What are the 10 most common foot injuries soccer athletes face?

common foot injuries soccer

Since soccer—or football as they call it everywhere outside North America is a sport where players are using their feet the majority of the time, it also means that it is also a very foot-injury prone sport.

Not only do players have to watch out for other players coming in with their tackles, they also can possibly injure themselves on their own. This means that soccer players need to be physically and mentally prepared to take on the sport, regardless of its threat to their safety.

The sharp-turning movements in soccer, the excessive running, the movements from side-to-side, the cutting, the sliding, the tackling, the way you simply plant your foot before you take a shot, and the way you actually take the shot can all possibly bring injury to the feet and body.

Here are some foot and ankle injuries that can get out of hand when playing soccer:

1. Ankle Sprains: With all the landing, planting, turning, and stepping, ankle sprains are the most common injuries in soccer. They happen normally when there is a stretching or tearing of the ligaments associated with or found in the ankle.

Soccer players will often wind up with this injury because they can run on uneven surfaces, make a sharp trying to get the ball, collide with another player or twist their ankle upon landing.

These ankle sprains will usually bruise and swell—almost immediately after they occur. To deal with ankle sprains, you can usually get away with RICE, rest, ice, compression, elevation. However, if your injury seems to be more severe, you might be prescribed by your doctor to wear a compression boot or soft cast and possibly use crutches to keep your weight off of it.

2. Achilles Tendonitis: Found also in a lot of soccer players, Achilles Tendonitis is an injury that comes from overuse, not warming up properly, and even wearing the wrong sneakers. The pain is located at the back of the ankle.

Although, at first, it might seem harmless—just a little rest, if left untreated, it can lead to an Achilles tendon rupture.

Patients will often feel pain in their heel and the tendon when running or walking. A quick fix for an inflamed Achilles Tendon is icing for 15-20 minutes a few times a day. However, if it gets worse or persists, chances are you need to go to your doctor.

3. Blisters: Another extremely common soccer injury is the blister. Especially when playing with new shoes or cleats on wet ground, blisters can occur and can be rather painful when played upon. Blisters are fluid-filled sacks that pop up on the surface of the skin. They can be filled with blood as well. They can also pop or break, which will lead to open, soft skin.

4. Plantar Fasciitis: Not unlike Achilles Tendonitis, plantar fasciitis has you feeling pain on the bottom of the heel. If you’re a soccer player and you feel this pain—especially with your first few steps in the morning, you might have plantar fasciitis.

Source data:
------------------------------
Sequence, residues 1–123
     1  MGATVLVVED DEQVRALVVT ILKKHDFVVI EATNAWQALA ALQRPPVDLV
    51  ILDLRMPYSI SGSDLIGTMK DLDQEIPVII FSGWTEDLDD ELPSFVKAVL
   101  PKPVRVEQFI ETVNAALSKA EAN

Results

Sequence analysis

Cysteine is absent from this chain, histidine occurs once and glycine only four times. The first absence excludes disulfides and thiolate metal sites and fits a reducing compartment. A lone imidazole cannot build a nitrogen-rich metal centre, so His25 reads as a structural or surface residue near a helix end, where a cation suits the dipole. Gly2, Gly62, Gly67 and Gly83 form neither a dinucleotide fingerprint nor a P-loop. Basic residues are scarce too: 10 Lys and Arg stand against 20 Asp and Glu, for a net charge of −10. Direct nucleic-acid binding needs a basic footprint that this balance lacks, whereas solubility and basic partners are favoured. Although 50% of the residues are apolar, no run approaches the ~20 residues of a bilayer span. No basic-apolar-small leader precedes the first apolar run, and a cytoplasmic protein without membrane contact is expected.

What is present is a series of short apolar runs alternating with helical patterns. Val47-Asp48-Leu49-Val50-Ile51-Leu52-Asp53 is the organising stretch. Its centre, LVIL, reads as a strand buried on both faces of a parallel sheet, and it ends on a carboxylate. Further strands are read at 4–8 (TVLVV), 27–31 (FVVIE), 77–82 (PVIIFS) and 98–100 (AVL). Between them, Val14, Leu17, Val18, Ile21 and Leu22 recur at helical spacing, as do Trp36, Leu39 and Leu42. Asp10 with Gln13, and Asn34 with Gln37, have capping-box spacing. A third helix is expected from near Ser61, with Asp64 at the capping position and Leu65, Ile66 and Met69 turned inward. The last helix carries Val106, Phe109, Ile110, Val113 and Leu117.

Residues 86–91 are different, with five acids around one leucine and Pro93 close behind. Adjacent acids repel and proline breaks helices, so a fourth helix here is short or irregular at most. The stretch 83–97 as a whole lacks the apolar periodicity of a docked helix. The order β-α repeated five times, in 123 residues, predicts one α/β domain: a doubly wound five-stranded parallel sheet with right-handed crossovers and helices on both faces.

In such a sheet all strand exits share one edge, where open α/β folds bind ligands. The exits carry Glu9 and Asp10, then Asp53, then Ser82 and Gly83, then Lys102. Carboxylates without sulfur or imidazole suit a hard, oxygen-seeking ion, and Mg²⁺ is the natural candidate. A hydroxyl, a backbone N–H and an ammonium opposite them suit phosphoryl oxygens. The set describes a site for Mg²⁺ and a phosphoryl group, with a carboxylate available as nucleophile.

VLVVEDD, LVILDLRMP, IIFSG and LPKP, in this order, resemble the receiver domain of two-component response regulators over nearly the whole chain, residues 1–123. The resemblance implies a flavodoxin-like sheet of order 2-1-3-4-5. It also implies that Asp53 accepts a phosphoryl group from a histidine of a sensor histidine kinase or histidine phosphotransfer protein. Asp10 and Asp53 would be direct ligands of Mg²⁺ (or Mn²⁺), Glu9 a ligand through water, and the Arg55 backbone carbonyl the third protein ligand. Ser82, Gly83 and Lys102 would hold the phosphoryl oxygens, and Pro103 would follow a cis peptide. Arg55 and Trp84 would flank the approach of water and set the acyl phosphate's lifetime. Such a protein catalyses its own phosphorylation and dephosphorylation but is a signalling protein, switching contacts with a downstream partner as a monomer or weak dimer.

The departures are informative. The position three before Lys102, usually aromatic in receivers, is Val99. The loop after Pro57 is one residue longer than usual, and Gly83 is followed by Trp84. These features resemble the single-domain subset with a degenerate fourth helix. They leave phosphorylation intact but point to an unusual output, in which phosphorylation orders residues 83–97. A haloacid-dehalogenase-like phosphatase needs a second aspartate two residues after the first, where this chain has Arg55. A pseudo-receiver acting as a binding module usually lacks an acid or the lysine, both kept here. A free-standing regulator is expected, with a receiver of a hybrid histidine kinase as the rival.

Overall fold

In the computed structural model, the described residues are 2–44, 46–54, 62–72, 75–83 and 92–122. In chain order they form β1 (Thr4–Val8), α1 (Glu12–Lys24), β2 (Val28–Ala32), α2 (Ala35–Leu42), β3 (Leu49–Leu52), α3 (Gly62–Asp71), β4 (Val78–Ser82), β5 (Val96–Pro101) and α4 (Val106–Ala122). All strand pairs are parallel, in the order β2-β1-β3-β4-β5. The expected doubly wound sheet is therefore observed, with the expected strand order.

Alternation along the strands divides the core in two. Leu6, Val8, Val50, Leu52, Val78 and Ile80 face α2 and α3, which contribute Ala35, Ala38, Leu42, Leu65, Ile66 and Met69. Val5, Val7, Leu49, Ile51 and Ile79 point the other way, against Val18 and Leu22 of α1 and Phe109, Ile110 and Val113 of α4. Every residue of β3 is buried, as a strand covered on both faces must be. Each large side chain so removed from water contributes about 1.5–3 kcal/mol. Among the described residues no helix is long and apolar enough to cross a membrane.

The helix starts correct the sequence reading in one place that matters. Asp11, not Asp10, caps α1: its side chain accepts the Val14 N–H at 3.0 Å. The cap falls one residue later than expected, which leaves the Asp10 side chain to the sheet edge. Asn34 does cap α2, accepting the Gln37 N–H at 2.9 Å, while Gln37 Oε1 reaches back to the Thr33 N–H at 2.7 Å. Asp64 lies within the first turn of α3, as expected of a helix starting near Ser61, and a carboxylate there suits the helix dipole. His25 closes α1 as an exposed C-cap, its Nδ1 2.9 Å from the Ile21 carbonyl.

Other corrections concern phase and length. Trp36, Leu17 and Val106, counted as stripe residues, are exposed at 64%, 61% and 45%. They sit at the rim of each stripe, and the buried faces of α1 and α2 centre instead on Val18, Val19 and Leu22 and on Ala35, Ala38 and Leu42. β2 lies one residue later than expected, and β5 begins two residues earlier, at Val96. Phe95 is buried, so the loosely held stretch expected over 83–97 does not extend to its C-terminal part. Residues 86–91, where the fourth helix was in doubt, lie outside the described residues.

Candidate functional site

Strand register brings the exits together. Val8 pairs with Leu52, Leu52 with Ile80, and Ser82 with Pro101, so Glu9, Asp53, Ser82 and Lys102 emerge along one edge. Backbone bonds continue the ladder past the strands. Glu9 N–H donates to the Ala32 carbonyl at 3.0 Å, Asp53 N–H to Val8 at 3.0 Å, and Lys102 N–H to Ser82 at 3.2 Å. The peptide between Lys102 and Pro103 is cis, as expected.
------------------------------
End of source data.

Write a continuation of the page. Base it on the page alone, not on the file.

5. Stress Fractures: Also caused by overuse and repeated impacts, stress fractures can occur in the foot or leg. If you are overtraining or have just been playing soccer for a long time, a stress fracture can occur.

6. “Turf toe”: Especially since soccer can be played on a turf field—not only American football, a soccer player can suffer from turf toe. However, turf toe doesn’t only occur with turf. It is just the common term used for a sprain of the ligaments around the big toe.

7. Jones Fracture: This specific fracture happens along the fifth metatarsal—the long bones leading up to your toes. The fifth metatarsal is the one leading up to your pinky toe.

Normally those who suffer from the Jones fracture are recommended to undergo surgery. With this, you’ll get a screw inside the bone across the fracture. If done without surgery, the doctor will have to keep an eye on the healing process to see if the bones are healing properly.

8. Metatarsal Fractures: Just like the Jones Fracture, this kind of fracture can happen to any of the metatarsals. These breaks in the long bones that lead up to the toes can happen simply by an opponent or another player stepping on a player’s foot.

When you suffer from a metatarsal fracture, pain and swelling are immediate. Within the first day, you’ll often see bruising occur. If the fracture is severe, you might need to get surgery.

9. Sever’s Disease: Sever’s disease is found in a similar place like Achilles Tendonitis. This injury often occurs because of overuse or overtraining. Often confused with Achilles Tendonitis, Sever’s Disease brings severe pain in the heel especially when running. After getting the okay from the doctor, most players can get away with simply inserting a heel pad into their cleats to continue playing.

10. Subungual Hematoma: If your cleats are too small or if you play soccer and are constantly striking your toes against the top of your soccer cleats, you can get a subungual hematoma. This toenail condition occurs when blood gets underneath the toenail and can possibly require a doctor to remove the blood from underneath—or even remove the toenail.

Especially since there are a lot of running, kicking, and physical contact in the sport of soccer, these foot and ankle injuries are possibly preventable. If you already have a few symptoms, you might be able to recognize them early and prevent them from getting any worse. Before any game or practice, warm up properly, perform an adequate amount of stretching, get your cleats properly fitted, and even tape your ankles if you have a history of ankle problems. When you’re finished playing, cool down, remove your equipment and properly take care of any symptoms that may start to appear.